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The daily Tar Heel. (Chapel Hill, N.C.) 1946-current, September 03, 1980, Page 1, Image 1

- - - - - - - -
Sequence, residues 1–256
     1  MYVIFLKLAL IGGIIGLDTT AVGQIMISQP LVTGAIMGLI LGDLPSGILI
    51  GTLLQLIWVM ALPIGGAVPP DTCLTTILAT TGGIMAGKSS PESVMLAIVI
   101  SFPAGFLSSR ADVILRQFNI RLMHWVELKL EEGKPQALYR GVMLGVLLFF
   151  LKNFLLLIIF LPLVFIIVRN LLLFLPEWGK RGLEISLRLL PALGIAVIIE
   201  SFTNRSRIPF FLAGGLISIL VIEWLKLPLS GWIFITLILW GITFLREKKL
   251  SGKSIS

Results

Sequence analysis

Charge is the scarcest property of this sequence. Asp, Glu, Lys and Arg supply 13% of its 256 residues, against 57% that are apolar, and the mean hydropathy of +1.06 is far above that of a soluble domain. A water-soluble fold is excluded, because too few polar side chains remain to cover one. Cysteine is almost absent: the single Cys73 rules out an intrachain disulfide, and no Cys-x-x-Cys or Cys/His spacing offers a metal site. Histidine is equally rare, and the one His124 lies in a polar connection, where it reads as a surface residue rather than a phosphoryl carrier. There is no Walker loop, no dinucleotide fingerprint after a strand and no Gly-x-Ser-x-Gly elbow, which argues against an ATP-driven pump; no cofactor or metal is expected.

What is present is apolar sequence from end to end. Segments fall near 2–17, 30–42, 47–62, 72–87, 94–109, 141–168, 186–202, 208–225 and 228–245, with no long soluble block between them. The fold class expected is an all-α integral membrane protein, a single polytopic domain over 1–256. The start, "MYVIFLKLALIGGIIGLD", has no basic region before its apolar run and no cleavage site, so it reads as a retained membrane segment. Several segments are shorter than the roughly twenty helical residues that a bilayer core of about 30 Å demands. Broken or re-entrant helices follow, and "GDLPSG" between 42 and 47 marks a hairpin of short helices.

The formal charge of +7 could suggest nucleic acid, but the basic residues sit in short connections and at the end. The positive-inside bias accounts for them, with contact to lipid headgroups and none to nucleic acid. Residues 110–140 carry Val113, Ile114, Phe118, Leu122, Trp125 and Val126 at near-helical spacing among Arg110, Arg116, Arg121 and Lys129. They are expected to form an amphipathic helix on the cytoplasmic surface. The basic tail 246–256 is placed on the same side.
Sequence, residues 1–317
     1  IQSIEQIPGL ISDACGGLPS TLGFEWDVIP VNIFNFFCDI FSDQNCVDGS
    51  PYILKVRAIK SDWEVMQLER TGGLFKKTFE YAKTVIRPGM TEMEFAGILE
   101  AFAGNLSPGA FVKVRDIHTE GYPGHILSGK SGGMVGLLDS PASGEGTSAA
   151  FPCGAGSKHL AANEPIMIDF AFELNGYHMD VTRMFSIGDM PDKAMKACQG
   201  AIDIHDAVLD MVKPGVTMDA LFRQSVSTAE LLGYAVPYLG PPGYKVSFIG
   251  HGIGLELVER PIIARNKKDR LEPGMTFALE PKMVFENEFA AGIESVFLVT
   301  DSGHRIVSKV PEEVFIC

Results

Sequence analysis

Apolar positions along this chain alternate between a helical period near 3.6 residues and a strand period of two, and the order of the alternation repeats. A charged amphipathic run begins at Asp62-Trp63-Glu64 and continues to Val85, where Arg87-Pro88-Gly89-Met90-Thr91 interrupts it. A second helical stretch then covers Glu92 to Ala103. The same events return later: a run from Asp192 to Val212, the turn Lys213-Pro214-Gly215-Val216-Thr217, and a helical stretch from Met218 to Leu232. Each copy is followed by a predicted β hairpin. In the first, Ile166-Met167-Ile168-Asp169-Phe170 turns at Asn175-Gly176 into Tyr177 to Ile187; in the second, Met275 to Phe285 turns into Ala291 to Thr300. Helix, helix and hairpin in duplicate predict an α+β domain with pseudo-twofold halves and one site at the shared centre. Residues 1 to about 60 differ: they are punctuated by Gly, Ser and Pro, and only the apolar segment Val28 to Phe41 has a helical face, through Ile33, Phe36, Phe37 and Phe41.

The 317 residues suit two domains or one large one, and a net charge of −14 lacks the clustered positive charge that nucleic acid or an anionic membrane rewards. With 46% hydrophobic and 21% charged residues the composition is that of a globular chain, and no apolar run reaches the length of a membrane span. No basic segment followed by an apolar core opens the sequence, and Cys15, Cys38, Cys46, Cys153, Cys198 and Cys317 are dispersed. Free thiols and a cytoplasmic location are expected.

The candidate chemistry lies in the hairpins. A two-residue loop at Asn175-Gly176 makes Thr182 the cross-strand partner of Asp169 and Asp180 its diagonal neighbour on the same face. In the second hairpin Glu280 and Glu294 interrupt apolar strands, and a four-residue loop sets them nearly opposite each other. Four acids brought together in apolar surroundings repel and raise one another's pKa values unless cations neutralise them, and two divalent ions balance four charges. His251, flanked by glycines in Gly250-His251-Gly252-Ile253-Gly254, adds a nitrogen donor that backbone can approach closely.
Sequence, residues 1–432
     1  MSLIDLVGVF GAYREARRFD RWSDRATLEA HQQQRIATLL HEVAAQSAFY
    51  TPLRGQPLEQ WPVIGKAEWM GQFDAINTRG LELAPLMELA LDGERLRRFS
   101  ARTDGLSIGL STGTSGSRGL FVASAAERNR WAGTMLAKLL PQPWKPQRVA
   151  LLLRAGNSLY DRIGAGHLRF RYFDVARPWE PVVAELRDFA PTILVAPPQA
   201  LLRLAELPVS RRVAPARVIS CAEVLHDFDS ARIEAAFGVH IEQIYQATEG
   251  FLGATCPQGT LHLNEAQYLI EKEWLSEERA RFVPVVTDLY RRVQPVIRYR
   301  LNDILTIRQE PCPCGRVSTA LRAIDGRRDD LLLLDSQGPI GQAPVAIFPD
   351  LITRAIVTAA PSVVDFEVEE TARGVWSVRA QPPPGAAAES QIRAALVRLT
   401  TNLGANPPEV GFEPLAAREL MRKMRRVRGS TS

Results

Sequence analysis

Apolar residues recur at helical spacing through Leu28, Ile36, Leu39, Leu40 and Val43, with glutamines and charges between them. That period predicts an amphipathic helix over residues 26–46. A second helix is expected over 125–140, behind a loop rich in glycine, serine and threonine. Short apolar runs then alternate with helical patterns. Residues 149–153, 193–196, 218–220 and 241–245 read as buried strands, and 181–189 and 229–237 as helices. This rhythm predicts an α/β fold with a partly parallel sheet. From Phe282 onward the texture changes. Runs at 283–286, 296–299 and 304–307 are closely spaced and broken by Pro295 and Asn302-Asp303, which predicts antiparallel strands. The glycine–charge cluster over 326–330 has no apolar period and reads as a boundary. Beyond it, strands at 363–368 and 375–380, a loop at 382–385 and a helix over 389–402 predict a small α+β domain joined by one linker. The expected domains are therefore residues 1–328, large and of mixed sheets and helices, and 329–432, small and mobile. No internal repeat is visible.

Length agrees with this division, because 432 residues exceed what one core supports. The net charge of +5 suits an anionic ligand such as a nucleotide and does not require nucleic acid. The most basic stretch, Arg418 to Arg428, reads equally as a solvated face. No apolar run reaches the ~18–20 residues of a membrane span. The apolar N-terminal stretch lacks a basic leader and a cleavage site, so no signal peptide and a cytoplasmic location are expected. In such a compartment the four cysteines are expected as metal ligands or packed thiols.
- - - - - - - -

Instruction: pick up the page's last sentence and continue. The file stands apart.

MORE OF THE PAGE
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f -4 -' r i f Hot 1t will ba partly cloudy today with a 30 percent chance of afternoon thundsrshowers. High will ba near SO, low tonight near 70. i Nut xy' '' i s i i V r AO' AM : s . , Serving the students and the University community since 1S93 The arts department reviews all the summer releases end locks at cne of the foil's newest movies, 'Xanadu Sea page 5. Vduma 00, Issus 1C Wednesday, September 3, 1900 Chspel KHI, North Carolina KwaSportaArts S33-C245 Bu2nuAdvftlaing 83J-11S3 n mm ill Uy Mil 7T o Tl o i l t S f i ! I ry 7 o 3 YT O TTT T"T r Tl V M I 3 U- i I ? C 1 Students wait ct Venco Hail to receive financial eld checks ...funds have been delayed for many due to late applications La He funds affect 2600 DTK Jay Hyman Dy BEVERLY SHEPARD Staff Writer More than 2,600 students arrived on campus this fall to find the loans and scholarships they, were expecting hadn't arrived at the UNC Student Aid Office. Though Associate Student Aid Director Thomas W. Langston said some of the late checks should arrive Sept. 19, several students who are expecting the aid said the delay has made their lives difficult. Langston attributed the delay of federally backed loans to jump in loan applications and to the fact that students often don't submit required information to loan, programs as soon as they 'should.""- " " " Some University loans and scholarships have been delayed for the same reasons, he said. The poor state of the economy accounts for the increased number of aid applications, he said. Though students on financial aid whose checks have not arrived may defer payment of tuition and fees, some say they're still having trouble paying for necessities like books, food and rent. Janet Hayes, a junior dental hygiene major and her sister, Doris Hayes, a freshman, both await their financial aid. Until it arrives, Janet said, "I have a limited diet. I've been eating chicken soup every day and I don't have any books." Roz Robinson, a senior biology major who lives in Berkshire Manor Apartments, said she has had little trouble getting aid in past years, but, "If I hadn't worked this summer, I'd be up the creek. If I didn't get one more check (from a summer job), financial aid would have had to call my manager to tell him rent would be late." The delays have forced many students to seek emergency University loans to buy books and pay bills. The forms, available at the Student Aid Office, in Vance Hall require a student to indicate the reason for his needs and the amount needed. But the maximum a student can receive from those -loans is $100, which'isno" be repaid within the semester, Langston said. There has been a "sizable increase" in applications, but typically a student applying can receive money on the next business day after he applies, he said. "We tried to be more liberal now than in the past years in terms of making these loans and repaying (them)," Langston said. The aid office already has distributed about $7,000 in emergency loans. To help prevent delays like this year's from recurring, Langston suggested that a student fill out his applications as early as January and February ' and that he follow directions carefully. See AID on page 2 By LYNN CASEY Staff Writer I The Student Supreme Court warned in an opinion released Monday that the entire campus election process is threatened unless University election laws are reformed. Chief Justice Roy Cooper wrote. "In 1979 t this court sounded a warning to the Campus ' Governing Council that elections laws reform was sorely needed, and we were ignored. We urgently repeat this warning. The very foundation of our election process is in danger." Cooper's opinion was joined by justices, Pat Binder, Will Rhodes and Charlie Allen. Justice Ron Hodge did net take part in the deliberations for which the opinion was written. The court's opinion follows its decision last spring not to void the results of a campuswide referendum held Feb.- 5. The referendum, which passed by a required two-thirds majority, guaranteed i the Graduate and Professional Student Federation 15 percent of graduate student activities fees. In its 4-0 decision, the court ruled violations of elections laws occurring on Feb. 5 did not materially affect the outcome of the election. : Plaintiffs in the case had argued this burden of proof was impossible to establish. But Cooper explained that although the burden is substantial, it recognizes the importance of the electoral process. The court is in the process of writing a supplemental opinion analyzing the standard of proof, he said. The opinion points out that some violations or discrepancies in the election were caused by ambiguities in the elections laws themselves. In their opinion the justices made suggestions for reforming the laws. They suggested the CGC spell out how the Elections Board should publicize polling sites and times... The laws now read publicity must , occur three days prior to the election. "To publicize requires an active attempt by the Elections Board to let students know where and when they can vote," Cooper wrote. Second, the court suggested that the CGC legislate a more specific list of duties for the Elections Board in emergency instances. "A member of the Elections Board, equipped with additional ballots, should make regular rounds of the polling places, especially during peak voting hours. For emergencies, each polling place should be equipped with blank sheets of paper, which could be used as Noise dispute By RACHEL PERRY Staff Writer Chapel Hill Mayor Joe Nassif has called for cooperation between students and town residents to solve the recent dispute about the noise level at student parties. "We're looking for support from you, we will give you support and expect you to support us," Nassif said. Nassif spoke at a Tuesday afternoon meeting where Town Manager Gens Shipman, Police Chief Herman Stone, members of the Intcr-Fiaternity Council and members of the Chapel Hill Town Council v. ere present. The meeting was called because of noistr'-probkms last week at several fraternity parties which police officers closed down. Nassif said the noise ordinance went into effect to help the students, not to hurt them. "The noise ordinance came about to accommodate zv.i for the University," he "We've had a whole host of complaints. Some changes will take place. I will recommend them to the council," he said. N'r,;sif did not elaborate on these changes, tut ire President John Elumberg stressed t! ; t the fraternities need to be better Informed of the present ordinance. "We r.eeJ definite, concise rules," Eiumbcrg said. Blumberg, explained that confusion arose Thursday night when three fraternity parties were " closed down due to" noise because fraternity presidents were not certain about the decibel limit and other details of the noise ordinance. The fraternity presidents said they had understood that the limit was 65 decibels, not 55, and that they were only three decibels over the limit at 68 when the parties were shut down. Stone said each fraternity would receive a copy of the ordinance for future reference. Earlier Tuesday, Stone said he had planned various administrative changes in the noise ordinance. "Because .drinking and noise are paramount in this town, of course the residents are upset about it," he said. "It is getting to the point that we had 52 to 54 complaints in the bst two weeks." . The first administrative change, already in effect, requires that the president, vice president or social chairman of the fraternity be present during the entire party. "Someone must take responsibility and action against complaints," Stone said. The second major adjustment in the special permits which allow the noise limit to go up to 75 decibels until midnight on weekends and 1 1 p.m. on weekdays will be more stringent enforcement of limiting the playing time of live bands to the designated hours. St one su::ested that parties may base ballots in the event printed ballots run out," Cooper , wrote. The court also urged the CGC repeal the present law giving the Elections Board chairman the power to determine' where students are permitted to vote. During the trial, plaintiffs argued the board chairman undermined the purpose of legislation opening three new polls when he allowed only graduate students to vote at those sites. Cooper wrote, "It is better to place this power (determination of where students may vote) in the hands of an elected body of J Cooper representatives rather than in the hands of an appointed official. Finally, Cooper recommended that the existing elections laws establishing minimum polling hours from 1 1 a.m. to 5 p.m. should be changed to a 10a.m.-to-7 p.m. polling hour reguirement for all binding campus wide elections, with a clause allowing the Elections Board flexibility in determining the hours for advisory elections. "The idea of flexible polling hours controlled in part by the Elections Board presents two major problems. First, the Elections Board is given the power to determine which elections are more important and are thus deserving of longer hours. Second, different polling hours for different elections create confusion among Elections Board members and voting students," the opinion said. i! If armng aruws sub do ri By WILLIAM PESCHEL Staff Writer Several Campus Governing Council members said Tuesday they agreed with the recently released Student Supreme Court that calls for a revision of campus elections laws. The Supreme Court's opinion on a campus elections case it heard last spring strongly urged the CGC to revise elections laws "to maintain the integrity of our electoral system." Student Body President Bob Saunders concurred with the court's assessment. "I think that the CGC will follow the lead of the Supreme Court and review and overhaul the act, especially those areas that deal with the mechanics of running an election," he said. .. "I think what the court vas trying to do was recommend to the CGC that they have to cast in an actual bill provisions on the mechanics on running an election," he said. Saunders said he hoped the revision would be made into law by the end of this semester, in time for spring elections. Saunders agreed with the court's opinion that the foundation of the campus' election process was in danger. "That part is so true as how the population perceives the election process," he said. "The more we refer to the court to settle elections, the further that damages the entire process." CGC member Wayne Rackoff agreed, saying that if the CGC doesn't take the initiative, the court will write the elections laws. "The issues (the court raised) are fairly essy to remedy," he said. The CGC should limit the Elections Board's powers to non;controversial areas, such as making sure polls have sufficient ballots, he said. "In some decisions involving elections, you want to have a non-partisan person making some of the decisions. However, you don't want to have an election official making a big decision," he said. Rackoff wants the board's powers reduced, but he would like to see it still have flexibility in areas defined by the CGC. The beard can continue to make decisions, Rackoff said, "as long as they're sticking' by the intent of the" law." "But you can't expect a perfect election on this campus. You just can't," he said. CGC Rules and Judiciary Chairman Anne Middleton said: "I think we need to codify all the laws. I think it should be more stable than what it is now." She refused to comment further until she had read the opinion. "There are a lot of things that need to be changed," said CGC member Richard Cooke. See CGC on paga 2 Govemora M 'i " i g u ! i Ccmpus group representatives hssr neiss crdinenco rubs ...meeting held to clarify town law's requirements to begin earlier as "neighboring residents are entitled to sleep." There had been some confusion at the Thursday night parties about the warning policies. Stone said that the police would continue their regular policies. Officers may use their discretion in monitoring a party, depending on its noisiness, but usually they follow three steps: warning those involved of the excessive noise, returning to the party to revoke the required special permit and, finally, arresting the responsible person if necessary. "Until this year, all we've been doing is warning," Stone said. He said "compliance and cooperation is preferable but if not, the person (in charge) will be subject to arrest." All monitored parties have complied with the noise ordinance when contacted by the police, he said. Environmental Protection Agency technical expert Bob Ciskowski was at the townfraternity meeting and will be assisting the police and fraternities in controlling the noise. "College communities throughout the nation find noise a difficult problem to contain," he said. 9 tl) V.y ANN KMAIIAYOOD Mff Writer An cnalym Not til UNC students can remember the fjmmeri cf '1G end 77, when the choking ihi;f of Dog l)js lingered tens into Hep' ember, vh::i Tl: IX:. ly Tcr ILc! r-bl.d;eJ ccfv':cr-r Unhenity z.t.X the nr. jrra cent rein ':. i'..:lrv i;r;t;i i'-c a vrll:r.A i::on. ho ir:l cs.itr.-.te theduit doubtless ir f. r i' .' , ocr prrrc.ed r:w v." r f t i:; .'1 :: 0:tr;t Cc-ty, t ' ' C..v; Ci; ,k :M:ru:;r. I . the 1 If h ft if ti if It I tl W it U J f j ff? 7VTI f If If . ? If. i ' ( 11 (D ; t TV - - i i reservoir was sur.estcd in 1963, residents cf the Cane Creek dairy community, 12 miles west of Chapel Hill, have resisted preliminary condemnation efforts from the University and what his teen since 1977 the Orar-s Water and Sewer Authority. The 3-bilUon gallon reservoir would require izs acres ci una, mou irorn tour ci the 20,C00-aere watershed's 10 eeiive.farm. The Uie it::!f would cosrr 4; 3 aeres. Still r -:e 1 i t!Uo :.'.7J z:tt... wiil be needed n i : U ; U.!;, ! , h and Wildlife Senile ru.-. '',-. fv-r a new wildlife habitat.' V : ie ' ' - !i ,1 - ! i.e t ended li -ether as t:C eCi. C. .rve;tio;i Authority l.ue C " : , I QWAI.Vi to the eminent- domain rights needed to condemn their land. The state Environmental Men:?:m:nt Commission rejected OWASA'i domain request in 1973, then approved it in a unique reverie.! in April 1973. After pp-eJ to the N. C. Superior Court failed thii p:a hrch, the CCCA look the hsue before U. S. Middle Dlitrkt Court, where it standi now. The next battlerrcund for OWASA and the CCCA u ill t e 1 hundiyi hearing tef.ee the U.S. Army Corps cf En e.ineen at Ch-tp:! Hill IV -h Schorl. At the f.eit hearin.?, it 1 p.m.. OWASA and the CCCA eaehwi:! have two hours to prevent their ca.es. When hv:rir;i te : ti 7 p.m., fiber c.rvrr:eJ r; :: ei;s ; ' .1 i . e . . v.: a vs vue tej The Ccrpi will hear comor.ents cor.; emir. t V Awtt Trxi ! r - ' - rel:r.:i erUer this ror.r:r, u.M;h er:m ir;:s OWASA'i requett for the Corps deed;;-: -1 fd permit. This E1S 1$ fcotri prir :e..' cn two earlier cccncer.Ie and en-.iec nee ee.til fcaitillty studies: the LhnivenityOYASA commhioned Uusn snd Sirr fc; :t and the Ccrps own V.'octen report. Centre-. ers'Srreund aler...t every i'.p-t cf the project i :ed i':s . : e-levcn.ih.err. coil, water partly and v.ku! and environmental impacts. The major alierr.stivts have been c;s?.ncn cf Ceo CAKE CHofX en pans Meagan remaarko on EOan, Soiitli Tb Aociied Prrtt Gov. Jim Hunt joined the Democratic governors of six Southern states Tuesday in a joint statement that blasted Ronald Rearan as a man unfit to be president because of his remarks linking the region with the Ku Klux Klan. Calling Reagan's comments a "callous and opportunistic slop at the South," the governors said: "America cannot afford as its president a man who has such a limited, uninformed and simplistic view of this great region cf cur united country." Reagan told a Labor Day audience in Detroit Monday that President Jimmy Carter hunching his campaign in Tuscumbia, Ala., was "opening his campa:n down In the city that gave birth to and is the parent body cf the Ku Klox Klan." Joining Hunt in the statement were Govs. George Busbee cf Georgia, Bill Clinton of Arkansas, Fob James cf Alabama, Bob Graham cf Honda. Richard Riley cf South Carolina and William Winter of M. .'.ivirpi. In a sepcrate telegram sent Tuesday, James demanded t.n immediate apology from Reagan. James said Reagan responded hter and "expre.::d deep regret and apologized to the great people cf Alabama, Miuinippi and Tcnnes-.ee for any negative reflection cau:d by his remark." In the joint letter to the GOP candidate, the governors sold: "At cvidrnccd by hit statement on Monday Unilnj the South and her people with the Ku Klu K!on. RcnalJ Ree-n hz demonstrated a dangerous preoccup;:;on with the past. Hr fails to undented the f;.rth cf to-dsy. "The South Is a ley and full partner iei cur great country. dr Reejm'i demeaning rhetoric stand in stark ccntroet to today's Southerner w.:h hit mind cei the peeeent tr.4 a prcrerous, harn;oni;-)us future. "V.'e call cn Mr. Ree;an to ipchlze 13 cur fee;':." Bu-.bee'i preu secretary. D-ane Iliner, t i the i'atemeot wji rein rcl:2ved tin. .Itanrt-'d ty the trvtrj fovcrnori. , 11: lunment v ;i ir.'.:,ui ty Miisl'.s'ppi'i Gov. Winter, wh- rre.hr 1 V r-d ce r tele; h e.: in Irnir.et, where h: is C.I &n:. lv.erh v.-, r. R. r- called tev era! ether Southern i".-:;r :, ce v: .: V t p-.'ti.;; .'i in the t:ee:;e:.;, lh- r.'csi -icfcur C.eur aho r thrrly M Ree-Vi 'ae-e-.tt. "Ar:,S..j, : - rev r'i te '.,: a- ! u tee . :-' e ty.rA a v.: f ui:v; :r : et a e v . ' e - :", a f. : ftc: . ,-v. ti i I C e t! z 1